Morality cont…

The absence of moral absolutism should not be taken to imply that there is no consequence for ones actions. Nor should one assume that although we have no absolute system we are not able to agree on some rules that should apply to universally.

It is vital to understand that, contrary to the fears of religious zealots, the lack of a divine moral code does not trap us in an anything goes world devoid of predictable "good" behavior. Rather it challenges us to really examine the world we live in and the values that we place on things.

This almost certainly takes us back to Nietzsche and his struggle to understand what the world and the value of things in the world. For example what is the value of a human life? Is all life equally valued. Do certain actions lessen or enhance the value of a human life? This has to be one of the key questions that we ask ourselves in re-evaluating our current moral regime.

I cannot offer any easy answers here but consider the following:

Perhaps the really young and really old have less value then the middle aged. Perhaps the value of a criminals life is less than that of an upstanding citizen. Perhaps fetuses have less rights than mothers, perhaps more rights? The key questions of capital punishment, legalized euthanasia of the sick and elderly, abortion, and the use of mass casualty weapons are all areas were the basic current morality systems fail us. They present blurry boundaries that allow people to read as morally acceptable whatever they personally feel they should be.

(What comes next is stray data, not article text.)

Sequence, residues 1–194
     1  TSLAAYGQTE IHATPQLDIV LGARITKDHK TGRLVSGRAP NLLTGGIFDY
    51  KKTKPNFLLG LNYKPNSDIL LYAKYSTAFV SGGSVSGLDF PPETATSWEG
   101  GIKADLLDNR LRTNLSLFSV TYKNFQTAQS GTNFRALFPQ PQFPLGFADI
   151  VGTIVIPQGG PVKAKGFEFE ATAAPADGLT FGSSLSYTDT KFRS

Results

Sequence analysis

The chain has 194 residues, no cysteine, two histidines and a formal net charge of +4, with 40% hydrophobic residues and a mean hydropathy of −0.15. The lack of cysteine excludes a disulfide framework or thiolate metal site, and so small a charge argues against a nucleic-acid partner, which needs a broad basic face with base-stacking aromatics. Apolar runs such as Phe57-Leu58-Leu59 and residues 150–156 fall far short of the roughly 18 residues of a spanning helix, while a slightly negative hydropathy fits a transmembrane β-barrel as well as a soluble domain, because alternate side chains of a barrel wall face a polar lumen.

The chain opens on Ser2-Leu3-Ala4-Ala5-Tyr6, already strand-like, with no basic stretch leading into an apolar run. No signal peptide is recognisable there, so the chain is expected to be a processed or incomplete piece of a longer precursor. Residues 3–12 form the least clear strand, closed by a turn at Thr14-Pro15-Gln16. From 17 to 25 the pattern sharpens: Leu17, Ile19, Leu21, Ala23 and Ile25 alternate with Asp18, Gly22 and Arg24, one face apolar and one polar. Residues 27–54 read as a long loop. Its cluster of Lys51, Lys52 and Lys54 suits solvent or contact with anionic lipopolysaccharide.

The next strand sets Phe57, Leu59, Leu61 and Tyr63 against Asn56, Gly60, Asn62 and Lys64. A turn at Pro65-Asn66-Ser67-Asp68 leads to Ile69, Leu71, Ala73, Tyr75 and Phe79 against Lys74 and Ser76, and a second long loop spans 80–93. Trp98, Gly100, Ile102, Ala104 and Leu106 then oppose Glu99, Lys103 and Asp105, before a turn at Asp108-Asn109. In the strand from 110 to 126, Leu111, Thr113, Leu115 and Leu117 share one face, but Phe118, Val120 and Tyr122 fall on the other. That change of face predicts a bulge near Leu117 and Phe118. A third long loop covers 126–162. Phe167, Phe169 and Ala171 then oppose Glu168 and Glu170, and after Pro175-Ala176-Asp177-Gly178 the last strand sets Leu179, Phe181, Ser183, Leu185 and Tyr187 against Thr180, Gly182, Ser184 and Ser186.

Lets back up once again and be clear. Moral regimes are relative to the society and species that they govern (and that created them), not the product of a divine being. But I cannot stress enough the fact that this does NOT mean anything goes ethically speaking. We are not free to rape and murder and rob our fellow humans. Moral relativism does not absolve us from consequences to our actions and boundaries to what should be considered acceptable behavior.

What I am arguing for is a re-evaluation of what morals are in our society and what they should be. We cannot continue to pretend that god wants us to hate the gays since they are evil morally. That God wants us to execute the murders because of a vague reference to an eye for an eye somewhere in the bible. That Allah wants us to behead foreigners and stone adulteress women. Simply put we cannot continue to define good and evil simply on the basis of whether or not god said it was okay. Why because none of us can agree on what god wants. Simple enough?

A new morality, a rational morality based on a common and easily understood set of rules. This is what we need now. If we are going to have a set of rules that define the value of human life differently for the actions of that life, than it needs to be clear to all what those rules are and they have to be fairly applied.

Jesus who? Later…